This paper introduces a Regime-Switching Model-Based Sustainability test allowing for periodic (or local) violations of Bohn (1998, QJE)’s sustainability condition. We assume a Markov-switching fiscal policy rule whose parameters stochastically switch between sustainable and unsustainable regimes. We demonstrate that long-run (or global) fiscal sustainability not only depends on regime-specific feedback coefficients of the fiscal policy rule but also on the average durations of fiscal regimes. Evidence on French data suggests that both the No-Ponzi Game condition and the Debt-stabilizing condition hold in the long run, when accounting for fiscal regimes, contrary to standard MBS tests. Drawing on former evidence about the characteristics of monetary policy in France, we discuss about the proper specification of the monetary-fiscal policy mix since 1965.
Fiscal policy rules describing the reaction of primary balance to the initial level of public debt have long been used to analyze fiscal sustainability. According to Bohn's seminal contribution (1998, QJE), primary public balance must increase after an increase of the public debt-to-GDP ratio to ensure sustainability, as defined by the respect of the government intertemporal budget constraint. This paper is motivated by the empirical evidence of fiscal episodes during which public debt-to-GDP is non-stationary and generates no improvement in primary public balance. Under these episodes, fiscal policy periodically violates Bohn's sustainability condition and thus raises critical questions on the long-run fiscal sustainability: is a periodically unsustainable fiscal policy a threat to long-run sustainability of public finance? How long can fiscal policy be periodically unsustainable without violating its sustainability constraints in the long-run?
The paper introduces a Regime-Switching Model-Based Sustainability (RS-MBS) test for fiscal policy, building on Bohn's Model-Based Sustainability (MBS) framework and on the literature on Markov-switching fiscal policy rules. Bohn’s MBS approach relies on two key ingredients: an equilibrium demand for public bonds (i.e. the Euler equation) that pins down the stochastic discount factor and a behavioral equation for fiscal policy (i.e. a fiscal policy rule).
In this paper, we assume a Markov-switching fiscal policy rule that stochastically switches between sustainable and unsustainable regimes. We define unsustainable regimes by periodic and persistent negative or null feedback effect of initial public debt on primary surplus, i.e. violating Bohn's sustainability condition. Consequently, the public debt-to-GDP ratio becomes periodically and persistently explosive during unsustainable regimes. We demonstrate how fiscal regimes matter for global (in opposition with local) fiscal sustainability analysis.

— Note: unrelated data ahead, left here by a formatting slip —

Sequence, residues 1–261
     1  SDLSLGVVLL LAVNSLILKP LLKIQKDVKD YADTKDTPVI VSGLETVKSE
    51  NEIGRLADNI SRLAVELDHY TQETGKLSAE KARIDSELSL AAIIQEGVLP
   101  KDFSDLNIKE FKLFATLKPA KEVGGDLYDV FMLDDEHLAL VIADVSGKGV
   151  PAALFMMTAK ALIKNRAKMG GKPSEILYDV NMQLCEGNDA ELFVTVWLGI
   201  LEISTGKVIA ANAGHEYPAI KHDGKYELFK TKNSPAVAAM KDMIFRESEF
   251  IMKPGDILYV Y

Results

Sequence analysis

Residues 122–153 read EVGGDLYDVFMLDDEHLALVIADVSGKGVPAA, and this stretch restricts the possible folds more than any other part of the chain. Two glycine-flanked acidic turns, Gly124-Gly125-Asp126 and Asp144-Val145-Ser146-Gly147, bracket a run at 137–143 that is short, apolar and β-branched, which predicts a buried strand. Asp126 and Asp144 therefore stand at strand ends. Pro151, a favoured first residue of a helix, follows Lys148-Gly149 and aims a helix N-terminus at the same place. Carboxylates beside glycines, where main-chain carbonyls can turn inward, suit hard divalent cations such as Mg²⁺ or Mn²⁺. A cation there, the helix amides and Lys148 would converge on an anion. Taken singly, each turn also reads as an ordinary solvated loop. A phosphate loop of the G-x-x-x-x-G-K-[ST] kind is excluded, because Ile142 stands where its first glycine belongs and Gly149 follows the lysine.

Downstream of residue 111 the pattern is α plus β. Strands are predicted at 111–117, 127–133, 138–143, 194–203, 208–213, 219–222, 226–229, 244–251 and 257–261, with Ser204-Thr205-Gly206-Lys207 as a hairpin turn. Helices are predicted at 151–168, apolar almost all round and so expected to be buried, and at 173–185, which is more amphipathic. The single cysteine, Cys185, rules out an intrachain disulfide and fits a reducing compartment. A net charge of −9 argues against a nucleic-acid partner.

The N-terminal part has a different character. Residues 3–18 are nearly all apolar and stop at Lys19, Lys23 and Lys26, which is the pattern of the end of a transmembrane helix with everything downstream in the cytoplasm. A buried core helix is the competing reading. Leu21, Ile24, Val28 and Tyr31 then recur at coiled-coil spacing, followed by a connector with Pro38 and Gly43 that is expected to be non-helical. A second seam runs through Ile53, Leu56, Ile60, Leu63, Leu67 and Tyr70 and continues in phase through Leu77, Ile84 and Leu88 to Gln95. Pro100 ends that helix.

We consider the two usual concepts of long-run fiscal sustainability: the No-Ponzi game condition (related to the transversality condition) and the debt-stabilizing condition (related to the stationarity of the debt-to-GDP ratio). For each concept of fiscal sustainability, we derive sufficient conditions for long-run (or global) fiscal sustainability which depend on regime-specific feedback coefficients of the Markov-switching fiscal policy rule and on expected durations (or persistence) of fiscal regimes. We show that fiscal policy can be locally unsustainable, with a periodically explosive public-debt-to-GDP ratio, and still be globally sustainable.
We apply our test to France’s fiscal policy. Our empirical results are threefold.
First, we estimate different specifications of Bohn's constant parameter fiscal policy rule. These estimates do not allow rejecting unsustainability: the feedback coefficient on public debt-to-GDP is rarely positive and never significant, according to standard MBS tests.
Second, we estimate a Markov-switching fiscal policy rule. We identify two different fiscal regimes over the period: one regime is sustainable, with a strong positive and significant feedback effect of lagged public debt-to-GDP on the primary surplus-to-GDP, while the second one is unsustainable with no significant feedback effect. The existence of two fiscal regimes in France helps reconcile the contrasting results achieved in the literature where some papers conclude that fiscal policy has not been sustainable whereas some others show the opposite. In addition, identified fiscal regimes are found to be highly persistent. In particular, our findings support the view that the Maastricht Treaty and the Stability and Growth Pact (SGP) actually made France's fiscal policy more sustainable despite being under an Excessive Deficit Procedure from 2003 to 2007.
Third, we perform RS-MBS tests for No-Ponzi Game and Stationary debt-output ratio. We reject the null hypothesis of a Ponzi Scheme as well as the null of an explosive public debt-to-GDP ratio and conclude that France has achieved global sustainability since 1965, despite a prolonged period of unsustainability from the early 80s to the mid-90s..
Updated on: 06/22/2020 17:15